An action bus at the Woden Bus Interchange has an advertisement on the side to help promote the Canberra Roller Derby League  today, (L to R)  Short Stop (Christine Murray), Freudian Slit (Alix Foley), Rainbow Spite (Larissa Wood and Bohemeth Rhapsody (Thea Van Veen).

Roller gals at the Woden bus interchange, from left, Short Stop (Christine Murray), Freudian Slit (Alix Foley), Rainbow Spite (Larissa Wood) and Bohemeth Rhapsody (Thea Van Veen). Photo: Colleen Petch

More than just a bit of push and shove, the Canberra Roller Derby League is starting to find it has real clout in sporting and sponsorship arenas of the national capital.

If sold-out crowds raising the roof aren't one thing, a hard-to-miss mural splashed across an ACTION bus is another.

The mural will remain on the side of bus No 966 for a year, celebrating the edgy sport with its cartoonish characters, witty stage names (from Maggie Swoop to Bohemeth Rhapsody to The Dutchass) and girl-power message that sees makeup and up-dos mix happily with a bit of biff. All within the confines of the sport, of course.

The mural was paid for by four of the league's sponsors, all local companies which have seen the league rapidly rise within three years to become a major drawcard, able to squeeze a sell-out crowd of about 1000 into the Southern Cross Stadium at Tuggeranong or a respectable 3000 into the AIS Arena.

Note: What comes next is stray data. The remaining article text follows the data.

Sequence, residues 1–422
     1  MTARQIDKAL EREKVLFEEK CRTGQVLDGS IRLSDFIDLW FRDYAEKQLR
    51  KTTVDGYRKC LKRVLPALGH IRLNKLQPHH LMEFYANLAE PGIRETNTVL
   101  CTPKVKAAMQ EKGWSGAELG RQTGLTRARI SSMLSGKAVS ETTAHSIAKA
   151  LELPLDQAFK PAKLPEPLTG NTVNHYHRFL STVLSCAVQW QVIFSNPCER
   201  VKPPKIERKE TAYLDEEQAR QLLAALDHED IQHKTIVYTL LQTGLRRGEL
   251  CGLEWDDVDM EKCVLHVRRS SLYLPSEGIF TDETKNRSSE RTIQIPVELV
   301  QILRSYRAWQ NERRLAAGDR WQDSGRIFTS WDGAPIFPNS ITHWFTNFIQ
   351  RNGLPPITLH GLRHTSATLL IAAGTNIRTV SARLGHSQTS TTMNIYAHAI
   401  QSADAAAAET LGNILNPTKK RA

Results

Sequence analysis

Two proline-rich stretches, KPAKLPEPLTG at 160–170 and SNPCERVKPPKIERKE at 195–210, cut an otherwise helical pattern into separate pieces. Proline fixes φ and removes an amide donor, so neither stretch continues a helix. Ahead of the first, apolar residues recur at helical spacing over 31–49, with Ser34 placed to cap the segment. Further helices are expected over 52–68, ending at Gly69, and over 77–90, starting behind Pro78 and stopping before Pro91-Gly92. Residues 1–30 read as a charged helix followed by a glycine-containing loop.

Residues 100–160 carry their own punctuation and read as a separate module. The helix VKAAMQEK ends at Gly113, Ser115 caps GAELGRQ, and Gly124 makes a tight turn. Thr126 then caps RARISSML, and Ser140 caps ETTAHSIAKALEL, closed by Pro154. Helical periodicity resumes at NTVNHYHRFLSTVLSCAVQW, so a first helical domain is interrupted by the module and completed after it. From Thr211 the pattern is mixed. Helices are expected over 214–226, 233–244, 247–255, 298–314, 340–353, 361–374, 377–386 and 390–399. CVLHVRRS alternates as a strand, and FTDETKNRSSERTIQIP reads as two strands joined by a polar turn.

Queanbeyan company Allsports Mouthguards, Civic institution Impact Comics, Fyshwick beer outfit 1842 and Scope Mount Stromlo cafe bankrolled the bus artwork by local muso Ed Radclyffe who also used to commentate at the league's early games and does all their posters.

Mick Strickland, from 1842 beer, said it was a no-brainer to be involved with the league which staged its first bout in 2009.

''Pound for pound they're tougher than any rugby league or rugby union player I've ever met and they're incredibly loyal to their fans and sponsors,'' he said.

''For a bunch of amateurs, they're getting bigger crowds than the Canberra Capitals. I just think it's amazing what they've done.''

Impact Comics owner Mal Briggs said the ''punk rock'' feel of roller derby made it a good fit with his business.

''What we like about being associated with it is it's slap-bang in the middle of our demographic,'' he said. ''That has always been hard to define but when I walked into a roller derby game, I thought, 'Yes, this is our demographic'. You've got the sell-out shows and everyone screaming and yelling and generally having a good time.''

Scope Mount Stromlo owner Simone Hunter said the cafe gave close to $1000 for the bus artwork.

''It's such an amazing bunch of women basically resurrecting an old-school sport,'' she said.

There are now four teams in the league - the Brindabelters, Black 'n' Blue Belles, Red-Bellied Black Hearts and Surly Griffins.

Graduate architect Christine Murray, aka ShortStop from the Black 'n' Blue Belles, has also represented Australia in the sport. She says it's a good way to vent aggression.

The 966 bus will be seen on different routes around Canberra. One of the league's players, Trixie Dynamite (aka Petrina Hartley) is also an ACTION bus driver. But it was left to mild-mannered Tony Bennett (no stage name, that's his name) to drive the decorated bus for the first time yesterday - and score a hug from the girls. He made sure to take a photo on his own phone because ''my wife isn't going to believe this''.

The next bout in the Canberra Roller Derby League is on August 11 at the Southern Cross Stadium in Tuggeranong between the Red-Bellied Black Hearts and the Black 'n' Blue Belles.